On 9 August 1945, an atomic bomb was dropped on the Japanese city of Nagasaki. It followed the use of such a weapon on Hiroshima days earlier. Voices of War brings together first-hand accounts of what happened in Nagasaki, taken from IWM’s extensive sound archive and the archives of the Atomic Heritage Foundation.

"I remember saying to the Japanese ‘what have we done to you?’ The tears rolled down his eyes and he said, ‘what have we done to each other?’" - Sidney Lawrence, British POW.

Click on the audio player below to listen to our soundscape and reflect on the experiences of those who were there, from a Japanese schoolboy to British and Chinese prisoners of war.  

Hear the voices of those who witnessed what happened in Nagasaki

WHO AM I LISTENING TO?

  • Geoffrey Sherring

    Served as civilian radio operator with the Merchant Navy in Atlantic. After his ship was sunk in 1942 , he was captured and became a prisoner of war. At the time of the atomic bomb dropped on Nagasaki, he was being held in Fukuoka No 14 camp, on the edge of the city. 

  • A C I Belchen

    A Malayan Chinese prisoner of war, held in a camp on the edge of Nagasaki. 

  • Sidney Lawrence

    Born in June 1917, he served during the Second World War as a British aircraftman with No. 36 Squadron RAF in the Dutch East Indies.  He was captured on Java in March 1942. In November of that year he was transported to Japan and spent the rest of the war in prisoner of war camps, finally being held in Fukuoka camp No 14 at Nagasaki from January 1945 onwards.  He was there on a working party when the atomic bomb was dropped on 9 August.

  • Hisatsune Sakomizu

    Worked as a civilian government official in Japan throughout the war, ultimately serving as Chief Cabinet Secretary in Tokyo at the time of the atomic bombs being dropped. 

    Towards the end of the war he was ordered by Prime Minister Suzuki to investigate and analyse the economic condition of Japan, and to provide a written confidential report.  Sakomizu found that Japan‘s resources were rapidly decreasing, and that Japan would be unable to continue fighting the war for more than a few months.  After the conflict, he became a member of the House of Representatives and then joined the Liberal Democratic Party.

  • Yoshiro Yamawaki

    Yoshiro was 11 years old when the atomic bomb was dropped on Nagasaki, Japan on 9 August 1945. His father was instantly killed, while Yoshiro and his twin brother, who were 2.2 kilometres away from the hypocentre, survived. Today, Yamawaki shares his testimony widely and serves as a strong advocate for the elimination of nuclear weapons. In 2010 the Japanese Ministry of Foreign Affairs appointed him as a Special Communicator for a World without Nuclear Weapons.

    Clip courtesy of Atomic Heritage Foundation.

Thank you for listening to Voices of War: Nagasaki. We’d love to know what you thought - please take our short survey to help us improve future programmes.

Discover

Second World War
Voices of War: VE Day
Listen to our four minute soundscape and reflect on the experiences of those who witnessed the events of VE Day in 1945.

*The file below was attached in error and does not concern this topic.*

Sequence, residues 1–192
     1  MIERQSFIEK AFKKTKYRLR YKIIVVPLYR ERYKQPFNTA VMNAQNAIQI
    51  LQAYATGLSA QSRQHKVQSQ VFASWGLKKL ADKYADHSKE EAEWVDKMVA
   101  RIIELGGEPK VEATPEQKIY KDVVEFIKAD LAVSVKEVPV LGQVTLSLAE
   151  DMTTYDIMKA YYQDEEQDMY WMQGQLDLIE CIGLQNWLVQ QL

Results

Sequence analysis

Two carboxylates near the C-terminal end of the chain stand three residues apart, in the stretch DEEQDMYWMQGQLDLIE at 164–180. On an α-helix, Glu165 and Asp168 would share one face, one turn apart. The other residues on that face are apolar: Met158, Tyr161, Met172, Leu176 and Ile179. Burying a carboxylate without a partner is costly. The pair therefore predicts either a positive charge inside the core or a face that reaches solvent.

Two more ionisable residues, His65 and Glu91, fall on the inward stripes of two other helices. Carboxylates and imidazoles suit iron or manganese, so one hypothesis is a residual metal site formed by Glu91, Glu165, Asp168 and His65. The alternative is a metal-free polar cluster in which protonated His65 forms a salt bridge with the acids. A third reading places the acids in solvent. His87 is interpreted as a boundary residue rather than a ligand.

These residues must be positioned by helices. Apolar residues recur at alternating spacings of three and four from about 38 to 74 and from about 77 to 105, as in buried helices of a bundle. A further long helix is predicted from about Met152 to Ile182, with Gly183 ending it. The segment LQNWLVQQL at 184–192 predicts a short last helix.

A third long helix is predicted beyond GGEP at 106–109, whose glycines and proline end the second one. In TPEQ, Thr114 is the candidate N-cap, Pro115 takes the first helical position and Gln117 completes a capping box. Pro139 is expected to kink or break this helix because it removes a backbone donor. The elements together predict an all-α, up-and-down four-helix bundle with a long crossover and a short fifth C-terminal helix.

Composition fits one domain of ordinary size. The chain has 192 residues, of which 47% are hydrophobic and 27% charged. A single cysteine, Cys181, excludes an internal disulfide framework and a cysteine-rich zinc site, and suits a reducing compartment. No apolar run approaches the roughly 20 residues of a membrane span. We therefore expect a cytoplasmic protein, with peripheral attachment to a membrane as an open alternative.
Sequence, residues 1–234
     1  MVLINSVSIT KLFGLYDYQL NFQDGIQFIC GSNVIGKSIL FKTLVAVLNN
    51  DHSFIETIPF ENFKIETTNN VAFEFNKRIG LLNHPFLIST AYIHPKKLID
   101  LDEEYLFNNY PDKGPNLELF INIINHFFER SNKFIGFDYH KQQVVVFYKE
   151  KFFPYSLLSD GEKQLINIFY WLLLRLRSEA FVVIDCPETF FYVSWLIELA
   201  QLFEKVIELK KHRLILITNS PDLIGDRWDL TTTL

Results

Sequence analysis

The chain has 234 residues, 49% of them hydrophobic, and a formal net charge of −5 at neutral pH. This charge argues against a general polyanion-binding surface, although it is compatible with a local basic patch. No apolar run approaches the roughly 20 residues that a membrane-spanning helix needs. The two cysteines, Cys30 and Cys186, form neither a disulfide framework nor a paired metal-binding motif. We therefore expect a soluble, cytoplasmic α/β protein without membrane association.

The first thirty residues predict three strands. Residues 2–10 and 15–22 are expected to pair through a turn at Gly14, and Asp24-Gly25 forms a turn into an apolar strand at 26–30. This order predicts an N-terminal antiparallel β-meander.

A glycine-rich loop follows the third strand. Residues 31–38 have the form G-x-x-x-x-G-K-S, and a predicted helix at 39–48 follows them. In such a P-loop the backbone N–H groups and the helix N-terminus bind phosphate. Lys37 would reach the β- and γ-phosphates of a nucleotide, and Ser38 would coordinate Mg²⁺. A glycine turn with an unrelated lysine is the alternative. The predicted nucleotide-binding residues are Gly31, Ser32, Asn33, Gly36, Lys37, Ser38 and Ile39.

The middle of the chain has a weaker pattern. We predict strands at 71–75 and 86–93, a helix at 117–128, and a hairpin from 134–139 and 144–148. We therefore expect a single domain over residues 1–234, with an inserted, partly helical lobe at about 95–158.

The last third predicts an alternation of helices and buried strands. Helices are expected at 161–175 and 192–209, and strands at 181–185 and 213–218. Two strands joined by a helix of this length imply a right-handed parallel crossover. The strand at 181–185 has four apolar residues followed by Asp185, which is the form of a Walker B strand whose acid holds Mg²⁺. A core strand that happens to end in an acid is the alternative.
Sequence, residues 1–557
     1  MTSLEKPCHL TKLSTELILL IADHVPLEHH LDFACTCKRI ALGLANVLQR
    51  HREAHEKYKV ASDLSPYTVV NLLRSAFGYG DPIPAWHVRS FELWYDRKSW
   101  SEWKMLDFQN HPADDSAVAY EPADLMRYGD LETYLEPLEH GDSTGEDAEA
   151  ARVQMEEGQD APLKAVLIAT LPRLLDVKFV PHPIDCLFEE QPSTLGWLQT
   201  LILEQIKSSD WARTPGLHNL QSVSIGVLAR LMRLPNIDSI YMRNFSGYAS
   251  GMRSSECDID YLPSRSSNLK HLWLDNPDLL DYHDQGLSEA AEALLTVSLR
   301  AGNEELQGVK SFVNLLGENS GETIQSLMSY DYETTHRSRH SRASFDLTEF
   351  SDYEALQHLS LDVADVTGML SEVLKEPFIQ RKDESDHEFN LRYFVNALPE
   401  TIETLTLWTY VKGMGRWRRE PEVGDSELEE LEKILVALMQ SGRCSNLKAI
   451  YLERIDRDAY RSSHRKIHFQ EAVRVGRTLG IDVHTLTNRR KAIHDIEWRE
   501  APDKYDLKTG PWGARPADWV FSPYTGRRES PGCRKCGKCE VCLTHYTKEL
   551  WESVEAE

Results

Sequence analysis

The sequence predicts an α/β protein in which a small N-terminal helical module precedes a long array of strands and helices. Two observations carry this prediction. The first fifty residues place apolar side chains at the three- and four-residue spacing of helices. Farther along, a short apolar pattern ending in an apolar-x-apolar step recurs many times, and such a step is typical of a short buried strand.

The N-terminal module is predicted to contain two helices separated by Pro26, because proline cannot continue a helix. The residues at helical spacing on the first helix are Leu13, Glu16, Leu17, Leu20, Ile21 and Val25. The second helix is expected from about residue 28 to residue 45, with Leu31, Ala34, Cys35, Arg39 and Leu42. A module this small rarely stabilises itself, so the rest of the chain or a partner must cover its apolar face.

Photograph depicting the aftermath of the Atomic Bomb in Hiroshima.
© IWM MH 29447
Second World War
Voices of War: Hiroshima
Listen to our soundscape and reflect on what happened when the atomic bomb was dropped on Hiroshima on 6 August 1945. 
Civilians and service personnel in London's Picadilly Circus celebrate the news of Allied Victory over Japan in August 1945. © IWM D 25636
Second World War
Voices of War: VJ Day
75 years ago, the Second World War came to an end and was marked by the Allied nations on VJ Day. Listen to the voices of some of those who were there and discover what it meant to them.
Hiroshima following the dropping of the atomic bomb on 6 August 1945. The prominent building in the foreground was the Industry Promotional Hall, retained in its ruined state as a peace memorial.
© IWM MH 29427
Second World War
The Atomic Bombs That Ended the Second World War
The end of the Second World War witnessed the emergence of a new weapon. How did the Allies make the decision to drop two atomic bombs on Japan in August 1945? 
VE Day celebrations in London on 8 May 1945
© IWM (HU 41808)
Second World War
Victory
Commemorate 75 years since the end of the Second World War in Europe and remember the personal stories of people who stood together during a time of national crisis. 

SUPPORT IWM

As a charity, IWM needs your support now more than ever to ensure we can continue to share personal stories of conflict for generations to come.

Visit Us

Visit one of our museums to learn more about the Second World War and discover powerful personal stories of those who experienced it. 

IWM London Exterior shot
IWM
Now open
IWM London
Our London museum tells the stories of people’s experiences of modern war from WW1 to conflicts today
Winston Churchill
Now open
Churchill War Rooms
Explore the underground headquarters that between 1939 - 1945 acted as the top-secret nerve centre from where Churchill and his inner circle determined the course of the Second World War.
IWM Duxford Showcase
©IWM
Now open
IWM Duxford
IWM Duxford is a historic airfield and museum telling the stories of those who lived, fought and died in war from WW1 to 1969. Visit air shows, events and displays.
IWM North
IWM
Now open
IWM North
Visit our iconic museum in Manchester and explore how war affects people’s lives.